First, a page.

Milky Way’s Second Most Massive Black Hole Found? : DNews

This massive black hole candidate may be of the “intermediate-mass” variety, possibly tying up a perplexing astrophysical puzzle.

Source: Milky Way’s Second Most Massive Black Hole Found? : DNews

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See the return of the Andromeda Galaxy | Astronomy Now

See the return of the Andromeda Galaxy | Astronomy Now.This image of the Andromeda Galaxy, Messier 31, also shows its satellite galaxies, Messier 110 (top) and Messier 32 (lower right of M31’s nucleus). Dust lanes between the spiral arms of M31 can be seen in large amateur instruments, but the bright nucleus, M32 and M110 are easy targets for small telescopes. A 65mm f/6.5 refractor and Canon 1100D DSLR were used to capture this portrait of our largest galactic neighbour from rural Norfolk on 29 November 2013. Magnitude +4.5 nu (ν) Andromedae is the blue star in the lower left. Image credit: Ade Ashford.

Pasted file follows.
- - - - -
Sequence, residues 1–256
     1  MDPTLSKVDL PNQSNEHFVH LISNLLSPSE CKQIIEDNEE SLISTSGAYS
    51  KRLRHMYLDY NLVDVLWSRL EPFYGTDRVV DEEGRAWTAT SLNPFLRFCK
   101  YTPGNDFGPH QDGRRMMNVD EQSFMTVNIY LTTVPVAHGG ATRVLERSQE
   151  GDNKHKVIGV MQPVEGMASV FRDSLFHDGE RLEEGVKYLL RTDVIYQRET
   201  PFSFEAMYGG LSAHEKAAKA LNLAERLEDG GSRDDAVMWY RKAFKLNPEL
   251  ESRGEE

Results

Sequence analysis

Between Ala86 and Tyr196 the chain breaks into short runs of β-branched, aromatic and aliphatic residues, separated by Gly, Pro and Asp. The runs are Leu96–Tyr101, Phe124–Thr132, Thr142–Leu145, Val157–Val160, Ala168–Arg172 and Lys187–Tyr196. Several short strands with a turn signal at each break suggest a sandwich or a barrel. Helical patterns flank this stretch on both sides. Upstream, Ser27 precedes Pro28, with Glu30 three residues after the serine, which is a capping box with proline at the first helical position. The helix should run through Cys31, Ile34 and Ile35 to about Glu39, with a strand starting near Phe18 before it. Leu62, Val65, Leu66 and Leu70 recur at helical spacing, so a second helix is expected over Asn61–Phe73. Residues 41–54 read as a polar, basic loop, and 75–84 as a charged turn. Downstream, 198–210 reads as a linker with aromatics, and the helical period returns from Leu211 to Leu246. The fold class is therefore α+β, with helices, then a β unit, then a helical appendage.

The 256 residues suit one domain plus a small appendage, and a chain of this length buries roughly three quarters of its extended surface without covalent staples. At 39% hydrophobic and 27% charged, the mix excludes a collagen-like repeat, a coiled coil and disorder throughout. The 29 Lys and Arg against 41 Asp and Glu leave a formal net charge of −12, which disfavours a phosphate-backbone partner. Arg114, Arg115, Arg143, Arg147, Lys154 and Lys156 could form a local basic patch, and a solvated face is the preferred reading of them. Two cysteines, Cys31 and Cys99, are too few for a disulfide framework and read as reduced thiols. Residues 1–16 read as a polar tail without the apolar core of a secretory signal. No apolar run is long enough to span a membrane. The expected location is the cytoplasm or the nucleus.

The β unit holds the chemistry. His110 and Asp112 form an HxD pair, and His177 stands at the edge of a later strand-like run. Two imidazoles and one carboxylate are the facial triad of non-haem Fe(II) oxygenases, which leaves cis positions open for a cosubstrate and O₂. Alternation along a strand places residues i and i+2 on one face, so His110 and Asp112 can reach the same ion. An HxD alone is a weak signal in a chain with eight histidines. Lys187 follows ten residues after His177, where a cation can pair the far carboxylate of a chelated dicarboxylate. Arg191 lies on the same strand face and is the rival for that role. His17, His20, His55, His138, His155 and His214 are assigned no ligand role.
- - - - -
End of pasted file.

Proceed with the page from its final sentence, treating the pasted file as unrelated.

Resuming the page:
The Milky Way’s tumultuous heart revealed in X-rays | Astronomy Now

The Milky Way’s tumultuous heart revealed in X-rays | Astronomy Now.This new image of powerful remnants of dead stars and their mighty action on the surrounding gas from the European Space Agency’s XMM-Newton X-ray satellite observatory reveals some of the most intense processes taking place at the centre of our galaxy, the Milky Way.

The bright, point-like sources that stand out across the image trace binary stellar systems in which one of the stars has reached the end of its life, evolving into a compact and dense object — a neutron star or black hole. Because of their high densities, these compact remnants devour mass from their companion star, heating the material up and causing it to shine brightly in X-rays.